Gold edges up as U.S. shutdown drags on, debt limit looms

SINGAPORE Mon Oct 7, 2013 9:15am IST

A pawn shop worker sorts through gold jewellery at Easy Money Pawn shop in Bangkok, August 27, 2013. REUTERS/Athit Perawongmetha/Files

A pawn shop worker sorts through gold jewellery at Easy Money Pawn shop in Bangkok, August 27, 2013.

Credit: Reuters/Athit Perawongmetha/Files

Related Topics

SINGAPORE (Reuters) - Gold nudged up in Asian trading on Monday as the near-week long U.S. government shutdown raised fears Congress may struggle to raise the debt ceiling in time, burnishing bullion's safe-haven appeal.

Failure to raise the U.S. borrowing limit by October 17 will push the world's biggest economy into an unprecedented debt default. Congress is already divided on a spending bill, resulting in a partial government shutdown that is hurting the economy and delaying key data releases.

During the last debate over the U.S. debt ceiling in 2011, gold hit an all-time high of $1,920 an ounce. An agreement was reached by Congress only at the last minute.

"These are critical events that can move the markets greatly," said Brian Lan, managing director of GoldSilver Central Pte Ltd in Singapore. "If we don't see any progress till the 17th, I think we will see gold spike to $1,400."

"Economic data or any news on the debt ceiling will determine the direction that gold and silver will take. Until then, it will be range bound," Lan said.

Spot gold rose 0.2 percent to $1,312.69 an ounce by 0333 GMT, also lifting silver and palladium.

Platinum added to gains after a 1 percent increase on Friday, as mine strikes and curbs threatened to hurt supply.

INVESTORS AWAIT PHYSICAL DEMAND

The Commodity Futures Trading Commission's weekly Commitment of Traders data, which details positions in U.S. futures and options markets and is a keenly watched measure to judge investor sentiment, was not released on Friday due to the partial government shutdown.

With no key U.S. data coming in, traders are now eyeing any pick up in physical demand, especially from China which has been closed for a week for the National Day holiday.

Some dealers said they expected Chinese demand to be good at the current price levels, and a lot stronger if prices fell below $1,300.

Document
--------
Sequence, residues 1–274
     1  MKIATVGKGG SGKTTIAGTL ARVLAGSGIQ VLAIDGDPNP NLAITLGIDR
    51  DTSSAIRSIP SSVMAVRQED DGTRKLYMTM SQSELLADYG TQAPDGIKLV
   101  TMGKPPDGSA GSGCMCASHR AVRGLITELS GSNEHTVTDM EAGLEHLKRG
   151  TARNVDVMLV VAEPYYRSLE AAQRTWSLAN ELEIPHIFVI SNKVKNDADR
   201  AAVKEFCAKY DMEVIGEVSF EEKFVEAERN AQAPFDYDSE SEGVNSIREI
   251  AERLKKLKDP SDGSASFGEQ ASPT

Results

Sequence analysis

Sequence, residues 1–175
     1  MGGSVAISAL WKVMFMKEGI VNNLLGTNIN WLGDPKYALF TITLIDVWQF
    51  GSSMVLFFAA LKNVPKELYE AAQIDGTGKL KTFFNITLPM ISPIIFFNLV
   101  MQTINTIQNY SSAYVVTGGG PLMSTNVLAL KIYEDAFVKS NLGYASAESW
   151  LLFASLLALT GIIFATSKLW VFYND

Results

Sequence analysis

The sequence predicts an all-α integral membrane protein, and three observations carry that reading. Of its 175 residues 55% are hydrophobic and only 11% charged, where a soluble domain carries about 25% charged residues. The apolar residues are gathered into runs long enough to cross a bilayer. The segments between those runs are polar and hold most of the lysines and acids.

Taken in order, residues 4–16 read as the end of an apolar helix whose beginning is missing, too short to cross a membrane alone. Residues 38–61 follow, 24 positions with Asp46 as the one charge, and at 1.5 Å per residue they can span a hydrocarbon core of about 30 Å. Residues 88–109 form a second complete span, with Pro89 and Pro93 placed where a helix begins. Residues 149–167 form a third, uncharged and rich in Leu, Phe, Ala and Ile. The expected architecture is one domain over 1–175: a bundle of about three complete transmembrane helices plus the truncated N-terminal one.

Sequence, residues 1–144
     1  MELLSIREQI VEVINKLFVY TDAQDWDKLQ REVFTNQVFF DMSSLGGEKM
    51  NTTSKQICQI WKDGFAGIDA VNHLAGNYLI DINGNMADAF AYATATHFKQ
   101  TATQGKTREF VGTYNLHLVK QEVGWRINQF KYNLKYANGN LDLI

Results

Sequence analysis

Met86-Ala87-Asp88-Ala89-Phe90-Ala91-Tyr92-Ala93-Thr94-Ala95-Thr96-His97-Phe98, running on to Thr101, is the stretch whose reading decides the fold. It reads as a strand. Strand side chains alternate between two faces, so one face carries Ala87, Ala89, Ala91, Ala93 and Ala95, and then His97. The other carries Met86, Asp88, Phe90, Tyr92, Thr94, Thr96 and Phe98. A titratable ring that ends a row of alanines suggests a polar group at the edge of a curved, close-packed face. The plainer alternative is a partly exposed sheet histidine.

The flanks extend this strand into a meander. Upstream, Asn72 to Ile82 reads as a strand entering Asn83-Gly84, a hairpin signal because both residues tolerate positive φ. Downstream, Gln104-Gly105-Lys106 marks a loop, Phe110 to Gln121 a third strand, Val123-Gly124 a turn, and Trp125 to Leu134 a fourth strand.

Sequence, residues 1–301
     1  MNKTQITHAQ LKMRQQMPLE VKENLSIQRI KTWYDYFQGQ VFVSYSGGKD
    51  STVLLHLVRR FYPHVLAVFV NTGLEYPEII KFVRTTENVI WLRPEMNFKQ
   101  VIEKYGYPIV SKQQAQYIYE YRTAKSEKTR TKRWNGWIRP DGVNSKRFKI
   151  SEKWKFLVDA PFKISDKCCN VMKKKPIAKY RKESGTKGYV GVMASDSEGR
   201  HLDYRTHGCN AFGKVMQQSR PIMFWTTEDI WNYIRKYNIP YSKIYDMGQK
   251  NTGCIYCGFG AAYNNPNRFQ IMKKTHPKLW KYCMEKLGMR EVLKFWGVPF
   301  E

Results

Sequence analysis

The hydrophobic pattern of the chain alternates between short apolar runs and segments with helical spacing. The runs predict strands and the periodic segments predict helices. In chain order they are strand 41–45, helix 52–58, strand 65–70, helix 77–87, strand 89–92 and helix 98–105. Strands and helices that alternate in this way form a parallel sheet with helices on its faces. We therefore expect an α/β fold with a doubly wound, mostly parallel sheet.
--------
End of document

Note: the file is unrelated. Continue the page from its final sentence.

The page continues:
In top buyer India, importers were ready to process orders from Monday after the customs department cleared more than a tonne of gold stuck at airports.

(Editing by Joseph Radford and Ed Davies)

FILED UNDER:

"India's Daughter"

Reuters Showcase

Microfinance

Microfinance

Funding the unfunded: India helps small business borrow to grow  Full Article 

Insurance Sector

Insurance Sector

UK healthcare firm Bupa sees strong growth in India  Full Article 

Sensex Rises

Sensex Rises

Sensex edges up; consumer and healthcare stocks rise  Full Article 

Market Eye

Market Eye

FTSE adds nine Indian firms as large-caps in Asia-Pacific ex-Japan index   Full Article 

Indian Ocean Diplomacy

Indian Ocean Diplomacy

PM Modi to ramp up help for Indian Ocean nations to counter China influence  Full Article 

ECB Bond-Buying

ECB Bond-Buying

ECB raises growth forecasts, to start printing money next week  Full Article 

China Economy

China Economy

China signals "new normal" with lower annual growth target  Full Article 

Pharma Sector

Pharma Sector

Panel recommends waiving late-stage trials for some drugs  Full Article 

E-commerce

E-commerce

China backs e-commerce expansion in win for Alibaba, JD.com  Full Article 

Reuters India Mobile

Reuters India Mobile

Get the latest news on the go. Visit Reuters India on your mobile device  Full Coverage